23. Mr. S. Sen appearing on behalf of the petitioners has answered this preliminary objection by submitting that no variation of any right of a class of shareholders can be effective nor is it complete until a special resolution by altering Clause 5 of the Memorandum is passed at a properly constituted meeting of the company, and the resolution dated 18th May 1957 was the last and final step which it was necessary to take in order to completely effectuate the variation.
24. Mr. Sen has also raised a further point that as Clause 5 of the Memorandum which is sought to be modified by the resolution dated 18th May 1957 is a condition contained in the Memorandum, no alteration of this clause could be made even by a special resolution passed at a meeting of the shareholders as was sought to be done at the extraordinary meeting held on the 18th May 1957.
25. In support of his argument Mr. Sen has drawn the attention of the court to Form No. 598 given in the Palmer's Precedents, 17th Edition at page 1075 and the learned counsel has argued that no fault can be found with the petition which is before this court inasmuch as the same has been drawn exactly in the form which is set out in Palmer's Book at page 1075.
26. It may be pointed out, however, that the drafting of this Form No. 598 is based on the special nature of the Article which authorises the modification of the rights of shareholders of the class concerned in that case. In paragraph 5 of the form of the petition reference is made to Article & of the Company's articles which is set out at page 408 of the Palmer's book as follows:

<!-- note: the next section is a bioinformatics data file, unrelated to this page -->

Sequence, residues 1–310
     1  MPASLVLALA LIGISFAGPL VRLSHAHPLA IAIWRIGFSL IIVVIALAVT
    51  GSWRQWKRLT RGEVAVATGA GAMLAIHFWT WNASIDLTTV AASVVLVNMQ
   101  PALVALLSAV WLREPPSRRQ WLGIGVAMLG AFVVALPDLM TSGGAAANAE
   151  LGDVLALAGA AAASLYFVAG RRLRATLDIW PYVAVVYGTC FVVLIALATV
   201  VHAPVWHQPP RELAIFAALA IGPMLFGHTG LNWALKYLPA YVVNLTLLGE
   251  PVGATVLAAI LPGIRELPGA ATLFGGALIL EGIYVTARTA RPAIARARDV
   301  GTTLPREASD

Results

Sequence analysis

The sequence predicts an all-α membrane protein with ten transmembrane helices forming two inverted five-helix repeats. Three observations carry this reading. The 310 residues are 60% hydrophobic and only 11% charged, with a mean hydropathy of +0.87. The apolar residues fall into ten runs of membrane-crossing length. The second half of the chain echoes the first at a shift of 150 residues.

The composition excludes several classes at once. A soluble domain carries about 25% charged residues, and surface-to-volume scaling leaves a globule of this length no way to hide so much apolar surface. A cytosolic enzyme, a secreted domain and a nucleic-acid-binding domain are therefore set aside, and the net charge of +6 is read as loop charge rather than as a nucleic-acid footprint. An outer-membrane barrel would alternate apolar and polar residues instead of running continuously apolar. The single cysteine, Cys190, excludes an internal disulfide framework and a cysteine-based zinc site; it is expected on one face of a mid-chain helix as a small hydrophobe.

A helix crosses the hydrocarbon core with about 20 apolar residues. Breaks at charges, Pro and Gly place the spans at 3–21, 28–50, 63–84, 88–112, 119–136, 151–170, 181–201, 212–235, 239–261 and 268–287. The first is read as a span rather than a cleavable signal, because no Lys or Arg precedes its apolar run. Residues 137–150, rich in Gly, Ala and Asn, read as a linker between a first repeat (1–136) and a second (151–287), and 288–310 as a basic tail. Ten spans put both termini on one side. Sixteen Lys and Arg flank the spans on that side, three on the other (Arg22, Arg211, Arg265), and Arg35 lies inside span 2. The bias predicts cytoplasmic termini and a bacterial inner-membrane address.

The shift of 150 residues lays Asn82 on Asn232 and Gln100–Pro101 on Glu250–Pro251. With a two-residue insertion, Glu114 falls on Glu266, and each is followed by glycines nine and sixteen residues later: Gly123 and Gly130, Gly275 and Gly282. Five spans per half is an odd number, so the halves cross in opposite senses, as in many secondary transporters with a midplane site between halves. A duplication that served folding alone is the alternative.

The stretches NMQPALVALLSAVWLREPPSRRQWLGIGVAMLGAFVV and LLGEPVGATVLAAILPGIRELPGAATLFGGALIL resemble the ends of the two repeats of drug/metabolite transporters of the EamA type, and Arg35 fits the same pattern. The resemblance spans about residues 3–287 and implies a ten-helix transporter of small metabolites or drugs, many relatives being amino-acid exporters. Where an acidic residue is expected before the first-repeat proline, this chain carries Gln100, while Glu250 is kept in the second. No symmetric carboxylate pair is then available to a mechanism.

'If at any time the share capital is divided into different classes of shares, the rights attached to any class (unless otherwise provided by the terms of issue of shares of that class) may, whether or not the company is being wound up, be varied with the consent in writing of the holders of three-fourths of the issued shares of that class or with the sanction of an extraordinary resolution passed at a separate general meeting of the holders of the shares of that class.'
27. It appears that in the case of Form No. 598-the resolution passed at an extraordinary general meeting of the company sanctioning the variation was confirmed by a resolution passed at a separate meeting of the classes of shareholders who were present at the meeting and accordingly in prayer (1) of Form No. 598 it was stated that the variation of the rights of the two classes of shares purported to be effected by the said resolution might be cancelled and disallowed.
28. Reference has also been made to Form 61 in Lord Atkin's Encyclopaedia of Forms and Precedents, Vol. 6 at page 165. It may be pointed out that the prayers of the petition set out at page 167 do not mention anything about any resolution as having purported to effect the variation. Prayer 1 in the said form is as follows :
'That the variation of the rights (of the preference shareholders or as the case may be) may be cancelled and disallowed.'
29. In this form also, in paragraph 8 of the petition, it is stated that a general meeting of the company was at first held and on the same day immediately thereafter, a separate general meeting of the particular class was held at the same place. So the case contemplated in the petition is a case where variation is effected by a resolution passed at a separate meeting of the class of shareholders whose rights are sought to be varied.